By Mimi Nguyen Ly
President Donald Trump on Friday announced measures that he says will “dramatically lower” the price of prescription drugs for Americans.
The first action ends rebates to middlemen in Medicare and passes those rebates to Americans.
“Currently, drug companies provide large discounts on the price of prescription medicines, including nearly $40 billion in rebates to Medicare Part D plans last year alone,” Trump said at a press conference on Friday. “Yet often, middlemen stop those discounts from going to the patients.”
“Today’s action ends this injustice and requires that these discounts go directly to the people. These are the people that need it,” Trump said, adding that savings could amount to up to 30 or even 50 percent. “That doesn’t include lifesaving drugs like insulin, which will be even higher [in percentage of savings],” he said.
The second action, the Most Favored Nation rule, seeks to have Medicare observe and match the lowest price charged for the same drugs in other developed countries. Trump said this rule, which takes effect Jan. 1, 2021, will end “global freeloading” on American patients.
“Until now, Americans have often been charged more than twice as much for the exact same drug as other medically advanced countries. We would be having a drug—identical drug, same company—and we’d pay many times the price of what that drug would sell for in certain countries,” Trump said.
“In case after case, our citizens pay massively higher prices than other nations pay for the same exact pill, from the same factory, effectively subsidizing socialism aboard [abroad] with skyrocketing prices at home. So we would spend tremendous amounts of money in order to provide inexpensive drugs to another country.
“And when I say the price is different, you can see some examples where the price is beyond anything—four times, five times different,” the president added.
Trump also announced that his administration will also be ending the 2006 Unapproved Drugs Initiative (UDI), which was designed to prevent the use of drugs not approved by the Food and Drug Administration (FDA).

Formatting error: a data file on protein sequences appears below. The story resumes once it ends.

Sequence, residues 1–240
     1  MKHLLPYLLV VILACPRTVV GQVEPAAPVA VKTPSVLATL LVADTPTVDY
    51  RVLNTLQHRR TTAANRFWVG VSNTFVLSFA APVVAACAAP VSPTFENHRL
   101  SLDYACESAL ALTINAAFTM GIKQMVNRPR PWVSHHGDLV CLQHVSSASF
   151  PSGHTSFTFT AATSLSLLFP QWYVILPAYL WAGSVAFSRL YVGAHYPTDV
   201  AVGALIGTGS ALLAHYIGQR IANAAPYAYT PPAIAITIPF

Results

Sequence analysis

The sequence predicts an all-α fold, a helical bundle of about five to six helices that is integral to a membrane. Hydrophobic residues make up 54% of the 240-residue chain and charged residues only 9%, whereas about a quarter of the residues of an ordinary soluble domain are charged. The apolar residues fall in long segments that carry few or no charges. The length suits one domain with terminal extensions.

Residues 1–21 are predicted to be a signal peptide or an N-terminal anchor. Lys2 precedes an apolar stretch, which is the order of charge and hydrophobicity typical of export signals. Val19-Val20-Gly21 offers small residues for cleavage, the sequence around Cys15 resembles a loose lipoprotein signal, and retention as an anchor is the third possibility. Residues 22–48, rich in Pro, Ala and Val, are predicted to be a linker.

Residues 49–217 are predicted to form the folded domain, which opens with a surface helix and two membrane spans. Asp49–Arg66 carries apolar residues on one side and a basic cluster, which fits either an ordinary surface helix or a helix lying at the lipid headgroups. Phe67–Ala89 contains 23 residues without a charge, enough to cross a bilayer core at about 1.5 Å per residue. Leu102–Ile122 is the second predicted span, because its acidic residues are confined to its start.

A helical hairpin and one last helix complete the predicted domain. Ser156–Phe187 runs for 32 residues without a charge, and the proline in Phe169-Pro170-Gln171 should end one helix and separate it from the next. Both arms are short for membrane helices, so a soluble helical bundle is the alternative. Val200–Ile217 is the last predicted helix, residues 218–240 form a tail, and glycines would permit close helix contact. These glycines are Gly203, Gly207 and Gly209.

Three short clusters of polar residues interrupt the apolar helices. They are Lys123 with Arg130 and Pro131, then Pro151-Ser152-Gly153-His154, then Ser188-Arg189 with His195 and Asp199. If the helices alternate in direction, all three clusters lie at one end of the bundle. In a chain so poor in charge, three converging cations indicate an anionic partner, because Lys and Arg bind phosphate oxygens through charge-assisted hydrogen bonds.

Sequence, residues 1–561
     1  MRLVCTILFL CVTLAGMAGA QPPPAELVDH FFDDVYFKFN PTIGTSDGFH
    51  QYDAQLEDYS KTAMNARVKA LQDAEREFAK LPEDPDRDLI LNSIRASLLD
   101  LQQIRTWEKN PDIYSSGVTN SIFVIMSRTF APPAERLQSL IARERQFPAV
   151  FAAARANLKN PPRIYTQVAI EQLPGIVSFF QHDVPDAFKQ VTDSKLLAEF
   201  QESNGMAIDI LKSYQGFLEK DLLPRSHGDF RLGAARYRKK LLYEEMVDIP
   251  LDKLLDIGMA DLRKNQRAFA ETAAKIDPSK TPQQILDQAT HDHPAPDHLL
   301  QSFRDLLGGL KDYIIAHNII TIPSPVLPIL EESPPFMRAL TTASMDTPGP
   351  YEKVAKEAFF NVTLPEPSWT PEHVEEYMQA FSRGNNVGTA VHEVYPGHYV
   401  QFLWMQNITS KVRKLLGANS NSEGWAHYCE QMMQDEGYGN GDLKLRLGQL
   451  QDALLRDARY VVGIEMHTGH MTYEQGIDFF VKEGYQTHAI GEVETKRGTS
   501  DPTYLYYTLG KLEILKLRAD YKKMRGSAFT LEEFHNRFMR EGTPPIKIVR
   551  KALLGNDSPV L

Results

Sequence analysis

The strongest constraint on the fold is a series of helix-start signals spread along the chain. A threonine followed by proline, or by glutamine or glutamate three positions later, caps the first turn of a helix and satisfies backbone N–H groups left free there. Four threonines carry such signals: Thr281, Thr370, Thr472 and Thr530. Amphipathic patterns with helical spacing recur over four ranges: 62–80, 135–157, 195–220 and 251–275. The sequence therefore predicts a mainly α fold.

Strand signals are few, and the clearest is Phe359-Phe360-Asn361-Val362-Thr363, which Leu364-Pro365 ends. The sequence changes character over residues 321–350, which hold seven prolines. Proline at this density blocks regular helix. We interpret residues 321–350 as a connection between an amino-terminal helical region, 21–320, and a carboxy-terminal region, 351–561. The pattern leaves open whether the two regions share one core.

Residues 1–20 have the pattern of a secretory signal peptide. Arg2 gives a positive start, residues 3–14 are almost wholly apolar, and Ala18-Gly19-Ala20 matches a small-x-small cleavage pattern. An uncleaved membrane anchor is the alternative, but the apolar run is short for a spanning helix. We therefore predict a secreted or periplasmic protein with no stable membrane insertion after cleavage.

The president said that the UDI has instead allowed drug manufacturers to exploit older generic drugs.
“In the past, drug companies have been allowed to identify certain very old generic drugs that have been widely available for decades and exploit a misguided program … to obtain market exclusivity on these medicines,” Trump said.
He said the UDI program “hasn’t been too good for the people that we’re supposed to benefit,” because drug companies have increased prices by 1,000 to 5,000 percent on certain drugs. Furthermore, certain important medicines have faced shortages under the program, he said.
“Together, these reforms will save American patients many, many billions of dollars every single year,” Trump said.
Most Favored Nation Rule
The Most Favored Nation rule would impact some 50 medications that account for the highest spending under Medicare’s “Part B” benefit for outpatient care.
Seema Verma, administrator of the Centers for Medicare and Medicaid Services, said that the normal market forces and negotiations that helps reduce cost in other parts of the healthcare system “just doesn’t exist in Part B,” which covers many cancer drugs and other medications delivered by infusion or injection in a doctor’s office.